Concepción Latorre, 74, watches less television these days. “It affects a lot, to be listening all day long, in Madrid so many affected, in I do not know where many others … Man that they have informed us well, of what we have to do and not to do, but that the programs are so heavy, because not” , he explains by phone from his home in Santa Cruz de Tenerife.
Concepción misses the movies in order to give them a break from so much information. General television has reacted quickly to the COVID-19 pandemic, prioritizing the information needs of the population. Entertainment has been the big relegation these days on the grill. Given this, there is a part of the population, those over 65, such as Concepción, who face the constant reminder throughout the day that they are the population at risk while updating and commenting on the number of infected and deceased people. Concepción asks: “We [ella y su marido, Eduardo Vázquez, de 79 años] because we take it differently, but imagine all the elderly who are alone who begin to hear that more than 87% of the deceased are people over 70 years of age. You think: there I am in that little group ”.
During the first two months of the year, women aged 65 and over were the ones who spent the most time in front of the television, with an average of six hours and 30 minutes. Now, during quarantine, these figures are normal for the rest of the population. Last weekend, the second of quarantine, almost 35 million viewers stood in front of the screen every day, Friday, Saturday and Sunday, according to reports from Barlovento with data from Kantar. Viewers’ preferences are divided between information and entertainment, but news is the most watched these days.
However, the population over 65 years of age has not stopped preferring entertainment, according to an audit report by Dos 30 ′ for EL PAÍS with data from Kantar Media. From the moment the quarantine began on March 14 until Sunday 22, the most viewed by this age group was Express Survivors, followed by the same space with the nickname No Man’s Land and, fourthly, the last section of the same program, the three in Telecinco. In third and fifth place is the king’s message from last Wednesday, followed by La 1 and Telecinco, respectively.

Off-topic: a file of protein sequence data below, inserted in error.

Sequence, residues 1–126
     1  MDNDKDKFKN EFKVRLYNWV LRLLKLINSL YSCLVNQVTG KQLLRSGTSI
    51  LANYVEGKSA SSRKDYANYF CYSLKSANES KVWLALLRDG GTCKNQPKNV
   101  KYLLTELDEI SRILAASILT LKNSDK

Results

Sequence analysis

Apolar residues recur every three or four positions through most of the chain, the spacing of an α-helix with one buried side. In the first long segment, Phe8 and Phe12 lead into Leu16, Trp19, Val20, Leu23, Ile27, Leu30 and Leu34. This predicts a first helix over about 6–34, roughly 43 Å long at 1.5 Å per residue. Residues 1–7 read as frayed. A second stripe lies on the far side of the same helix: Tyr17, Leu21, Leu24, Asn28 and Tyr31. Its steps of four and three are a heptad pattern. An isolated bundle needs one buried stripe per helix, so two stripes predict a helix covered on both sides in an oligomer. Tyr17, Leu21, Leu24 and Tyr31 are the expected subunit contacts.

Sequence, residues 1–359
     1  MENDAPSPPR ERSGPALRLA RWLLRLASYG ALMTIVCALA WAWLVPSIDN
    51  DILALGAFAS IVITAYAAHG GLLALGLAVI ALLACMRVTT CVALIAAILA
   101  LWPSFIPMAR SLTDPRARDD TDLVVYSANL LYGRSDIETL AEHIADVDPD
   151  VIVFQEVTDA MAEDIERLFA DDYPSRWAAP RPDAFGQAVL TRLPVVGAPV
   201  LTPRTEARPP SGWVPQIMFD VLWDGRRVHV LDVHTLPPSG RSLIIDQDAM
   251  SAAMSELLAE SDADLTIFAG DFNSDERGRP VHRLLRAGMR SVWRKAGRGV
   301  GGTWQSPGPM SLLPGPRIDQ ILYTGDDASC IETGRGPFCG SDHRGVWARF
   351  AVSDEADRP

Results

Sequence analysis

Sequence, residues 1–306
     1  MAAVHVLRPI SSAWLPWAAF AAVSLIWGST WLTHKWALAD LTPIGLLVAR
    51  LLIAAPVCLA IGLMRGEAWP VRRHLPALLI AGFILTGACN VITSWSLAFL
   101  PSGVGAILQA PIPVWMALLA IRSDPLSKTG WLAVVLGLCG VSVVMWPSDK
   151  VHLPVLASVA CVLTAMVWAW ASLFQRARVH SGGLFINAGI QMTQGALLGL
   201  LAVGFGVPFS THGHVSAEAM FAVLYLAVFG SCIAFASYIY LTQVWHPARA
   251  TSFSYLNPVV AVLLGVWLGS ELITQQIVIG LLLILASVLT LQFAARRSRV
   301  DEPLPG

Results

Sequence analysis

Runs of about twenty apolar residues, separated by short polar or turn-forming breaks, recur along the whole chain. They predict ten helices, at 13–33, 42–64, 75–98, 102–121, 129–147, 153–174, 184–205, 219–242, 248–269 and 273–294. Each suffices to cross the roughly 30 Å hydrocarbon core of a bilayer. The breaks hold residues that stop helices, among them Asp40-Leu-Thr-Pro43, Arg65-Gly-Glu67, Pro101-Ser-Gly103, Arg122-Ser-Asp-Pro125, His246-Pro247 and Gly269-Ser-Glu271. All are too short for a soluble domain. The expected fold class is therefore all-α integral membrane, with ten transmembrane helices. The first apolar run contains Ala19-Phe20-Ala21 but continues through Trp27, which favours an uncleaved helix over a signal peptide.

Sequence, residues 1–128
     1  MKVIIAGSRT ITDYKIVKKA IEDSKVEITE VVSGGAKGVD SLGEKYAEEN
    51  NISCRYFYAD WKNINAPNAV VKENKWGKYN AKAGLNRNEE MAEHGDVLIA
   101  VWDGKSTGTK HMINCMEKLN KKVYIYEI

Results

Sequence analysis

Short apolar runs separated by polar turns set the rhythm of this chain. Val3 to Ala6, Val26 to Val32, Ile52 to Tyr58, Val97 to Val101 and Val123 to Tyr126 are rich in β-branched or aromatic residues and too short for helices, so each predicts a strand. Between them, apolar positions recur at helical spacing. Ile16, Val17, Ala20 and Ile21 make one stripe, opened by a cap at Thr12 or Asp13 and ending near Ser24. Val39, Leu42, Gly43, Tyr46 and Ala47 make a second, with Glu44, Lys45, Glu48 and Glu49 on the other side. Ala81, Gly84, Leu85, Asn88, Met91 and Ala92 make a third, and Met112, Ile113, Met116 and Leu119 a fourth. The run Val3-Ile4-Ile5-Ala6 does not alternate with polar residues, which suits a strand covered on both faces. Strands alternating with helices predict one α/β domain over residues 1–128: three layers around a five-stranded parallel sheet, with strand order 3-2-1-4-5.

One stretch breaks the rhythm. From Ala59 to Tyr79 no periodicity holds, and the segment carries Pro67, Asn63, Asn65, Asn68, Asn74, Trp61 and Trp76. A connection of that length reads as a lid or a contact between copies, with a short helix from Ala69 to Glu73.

These days, Concepción sees “the newscasts, some advance information from the ministers and not much more.” “Well, and some contest, we also follow those,” he recalls. Of course, she and her husband have been hooked on the series designated Successor, from Netflix. Contrary to statistics and the majority of the population of her age, she is a regular on this platform. “It is true that it is a generation that uses new technologies less,” confirms Paco Iglesias, psychologist and mediator of the ATYME foundation. “But it should not be taken for granted that having a certain age is an impediment to take advantage of entertainment platforms, quite the contrary, it can be posed as an entertaining question,” he highlights.
Overexposure of information worries more and more voices. On his Twitter account, TVE presenter Máximo Huerta reflected on Monday: “I firmly believe in information, it is my job and I defend it tooth and nail. But I also believe in evasion, in television entertainment. And now we are living in a time when our elders need to be able to escape from a reality that hits them more than anyone else. ” The presenter accompanies the text with a video that begins with a quote from a fragment of The Pilgrim, by John Le Carré: “Keep me informed, but not very informed.”
“That previous sentence is the one that I tell my mother on every call, and that I do not put the TV on, in fact I think I call to verify that it is not on at specific times. That she finds out what is happening, yes, but that she does not turn her into an overwhelmed woman of 82 years ”, continues in the video. Huerta recommends his mother other entertainment programs and the news “at the time it plays.” “But the rest of the day, because she doesn’t have Netflix or those things, I tell her to put on entertainment things, that evasion is very necessary.” And remember how important company is for the elderly, “and not scare.” “Informed yes, over-informed no”, he concludes.
Iglesias also recommends that everyone regulate their own news regime. “In this situation there is, on the one hand, the need to inform the population at risk that it really is, so that they take the appropriate measures. But that same information may also have a less positive part, which is to increase the fear, anxiety and stress that already implies what we are experiencing. ” For the psychologist the key is “knowing how to dose the information”. “The good thing would be to choose the one that helps you cope in the best possible way with this. And prioritize the content that one understands is good and beneficial for oneself, “he advises. “There is always a newscast that you like more than another, but at certain times, when the information becomes repetitive, you have to turn off the television and do something else.”